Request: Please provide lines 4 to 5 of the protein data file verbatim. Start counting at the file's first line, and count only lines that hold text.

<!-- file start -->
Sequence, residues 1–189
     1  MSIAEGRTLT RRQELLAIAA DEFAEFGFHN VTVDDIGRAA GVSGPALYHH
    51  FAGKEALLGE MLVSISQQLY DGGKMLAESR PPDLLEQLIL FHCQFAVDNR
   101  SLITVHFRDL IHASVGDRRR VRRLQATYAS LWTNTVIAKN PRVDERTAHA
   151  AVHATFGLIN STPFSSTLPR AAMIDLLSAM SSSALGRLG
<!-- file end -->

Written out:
   101  SLITVHFRDL IHASVGDRRR VRRLQATYAS LWTNTVIAKN PRVDERTAHA
   151  AVHATFGLIN STPFSSTLPR AAMIDLLSAM SSSALGRLG